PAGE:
Banned Books Week: 50 banned books that everyone should read

bbw2009badge65As part of the posts this week in support of — and in the futile hope of eliminating the need for — Banned Books Week, here’s one opinion on 50 banned books everyone should read.

The list is broken down by categories and while I may not necessarily agree with a particular book’s placement in a particular category, it is a worthwhile endeavor. The original list also gives the reasons why each book was challenged. The books I’ve read are in bold.

Protect the Children

1. Catcher in the Rye by JD Salinger.
2. The Adventures of Huckleberry Finn by Mark Twain.
3. Forever by Judy Blume.
4. The Golden Compass by Philip Pullman.
5. Lord of the Flies by William Golding.
6. The Harry Potter series by JK Rowling.
7. Bridge to Terabithia by Katherine Paterson.
8. James and the Giant Peach by Roald Dahl.
9. And Tango Makes Three by Peter Parnell and Justin Richardson.
10. A Wrinkle in Time by Madeleine L’Engle.
11. The Chocolate War by Robert Cormier.
12. The Giver by Lois Lowery.

Religion and Politics

13. The Satanic Verses by Salman Rushdie.
14. A Prayer for Owen Meany by John Irving.
15. The Grapes of Wrath by John Steinbeck.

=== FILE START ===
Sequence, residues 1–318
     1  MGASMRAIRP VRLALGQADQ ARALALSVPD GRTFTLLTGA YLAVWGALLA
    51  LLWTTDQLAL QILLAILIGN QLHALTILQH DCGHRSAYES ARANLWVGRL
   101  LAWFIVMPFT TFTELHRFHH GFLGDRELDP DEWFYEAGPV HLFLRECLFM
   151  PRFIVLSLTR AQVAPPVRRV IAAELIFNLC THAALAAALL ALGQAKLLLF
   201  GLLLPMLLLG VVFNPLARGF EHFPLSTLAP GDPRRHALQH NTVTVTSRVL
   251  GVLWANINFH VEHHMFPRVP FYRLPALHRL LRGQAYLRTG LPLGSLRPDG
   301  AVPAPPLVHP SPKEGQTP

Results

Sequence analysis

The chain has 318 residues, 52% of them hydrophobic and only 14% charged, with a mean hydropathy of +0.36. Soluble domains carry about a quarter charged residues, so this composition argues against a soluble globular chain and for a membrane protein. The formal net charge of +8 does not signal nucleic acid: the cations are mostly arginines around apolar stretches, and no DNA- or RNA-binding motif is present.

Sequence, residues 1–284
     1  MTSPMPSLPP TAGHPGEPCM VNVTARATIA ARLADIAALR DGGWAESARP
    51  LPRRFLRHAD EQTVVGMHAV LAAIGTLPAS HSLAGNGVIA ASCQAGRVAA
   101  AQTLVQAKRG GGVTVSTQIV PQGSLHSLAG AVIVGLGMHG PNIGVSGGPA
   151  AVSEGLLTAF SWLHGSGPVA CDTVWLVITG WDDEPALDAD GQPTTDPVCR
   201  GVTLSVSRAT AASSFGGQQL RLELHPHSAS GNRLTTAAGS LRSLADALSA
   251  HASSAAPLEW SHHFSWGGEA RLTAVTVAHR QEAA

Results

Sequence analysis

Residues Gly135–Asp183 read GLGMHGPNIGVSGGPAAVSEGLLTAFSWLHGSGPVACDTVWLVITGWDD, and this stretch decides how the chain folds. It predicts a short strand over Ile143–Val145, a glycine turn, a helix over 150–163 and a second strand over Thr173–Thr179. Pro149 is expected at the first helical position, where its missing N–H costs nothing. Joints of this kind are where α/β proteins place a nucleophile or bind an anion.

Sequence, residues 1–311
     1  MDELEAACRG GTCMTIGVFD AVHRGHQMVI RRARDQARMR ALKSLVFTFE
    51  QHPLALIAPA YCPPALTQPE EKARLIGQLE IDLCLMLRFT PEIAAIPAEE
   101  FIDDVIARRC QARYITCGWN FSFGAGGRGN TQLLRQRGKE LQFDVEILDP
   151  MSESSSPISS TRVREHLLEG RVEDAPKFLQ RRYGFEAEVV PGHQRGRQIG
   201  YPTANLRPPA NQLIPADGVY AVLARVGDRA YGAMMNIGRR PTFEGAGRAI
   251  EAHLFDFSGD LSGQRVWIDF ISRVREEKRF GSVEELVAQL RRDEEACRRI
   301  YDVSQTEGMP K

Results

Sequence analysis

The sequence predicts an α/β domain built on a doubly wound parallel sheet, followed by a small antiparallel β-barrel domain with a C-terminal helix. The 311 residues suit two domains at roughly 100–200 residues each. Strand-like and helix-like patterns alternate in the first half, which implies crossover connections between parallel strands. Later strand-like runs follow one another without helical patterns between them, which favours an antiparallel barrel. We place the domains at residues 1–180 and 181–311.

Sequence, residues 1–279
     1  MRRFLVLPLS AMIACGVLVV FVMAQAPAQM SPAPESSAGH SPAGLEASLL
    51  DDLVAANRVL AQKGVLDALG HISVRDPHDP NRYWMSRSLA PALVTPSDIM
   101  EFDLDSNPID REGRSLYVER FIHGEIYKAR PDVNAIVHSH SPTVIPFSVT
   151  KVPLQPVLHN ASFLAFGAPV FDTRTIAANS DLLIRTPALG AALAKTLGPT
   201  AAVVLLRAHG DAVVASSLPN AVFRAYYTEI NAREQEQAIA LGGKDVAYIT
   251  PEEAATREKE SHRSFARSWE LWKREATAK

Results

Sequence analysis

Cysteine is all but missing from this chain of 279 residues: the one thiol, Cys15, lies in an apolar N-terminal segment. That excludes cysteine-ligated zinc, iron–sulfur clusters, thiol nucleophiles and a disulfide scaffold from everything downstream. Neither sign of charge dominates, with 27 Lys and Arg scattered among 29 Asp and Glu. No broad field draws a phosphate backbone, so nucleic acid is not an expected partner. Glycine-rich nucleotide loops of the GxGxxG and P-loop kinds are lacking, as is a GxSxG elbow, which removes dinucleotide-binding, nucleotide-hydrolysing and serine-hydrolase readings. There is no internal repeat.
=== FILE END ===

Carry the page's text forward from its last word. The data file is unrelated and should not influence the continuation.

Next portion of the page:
16. Uncle Tom’s Cabin by Harriett Beecher Stowe.
17. The Lorax by Dr. Seuss.
18. The Da Vinci Code by Dan Brown.
19. 1984 by George Orwell.
20. Animal Farm by George Orwell.
21. Gulliver’s Travels by Jonathan Swift.


23. Lady Chatterley’s Lover by DH Lawrence.
24. Tropic of Cancer by Henry Miller.
25. Fanny Hill by John Cleland.
26. Leaves of Grass by Walt Whitman.
27. The Great Gatsby by F Scott Fitzgerald.
28. Brave New World by Aldous Huxley.
29. The Kite Runner by Khaled Hosseini.
30. Flowers for Algernon by Daniel Keyes.
31. The Awakening by Kate Chopin.
32. Madame Bovary by Gustave Flaubert.
33. Rabbit, Run by John Updike.
34. Anne Frank: Diary of a Young Girl by Anne Frank.
35. Lolita by Vladmir Nabokov.

Race and Gender Issues

36. To Kill a Mockingbird by Harper Lee.
37. Of Mice and Men by John Steinbeck.
38. The Color Purple by Alice Walker.
39. I Know Why the Caged Bird Sings by Maya Angelou.
40. Little Women by Louisa May Alcott.
41. Catch-22 by Joseph Heller.

Multiple Reasons

42. Fahrenheit 451 by Ray Bradbury.
43. Native Son by Richard Wright.
44. Beloved by Toni Morrison.
45. As I Lay Dying by William Faulkner.
46. One Flew Over the Cuckoos Nest by Ken Kessey.
47. The Handmaid’s Tale by Margaret Atwood.
48. In Cold Blood by Truman Capote.
49. Slaughterhouse Five by Kurt Vonnegut.
50. East of Eden by John Steinbeck.

The books I haven’t read plainly shows a hole in my reading experience. That is particularly so in that I know that, between the books listed in the “Protect the Children” category and classics I know they’ve read for school, each of my daughters has read more banned books than me.

Think for yourselves and let others enjoy the privilege to do so, too.

Voltaire, “Toleration,” The Works of Voltaire

1 comment to Banned Books Week: 50 banned books that everyone should read

  • I’ve read quite a few of these– coincidentally — I’m surprised at at how many have ended up on this list. I’ve chosen “Rabbit, Run” for this week, the first time I’ve made a conscious effort to read a banned book during Banned Books Week.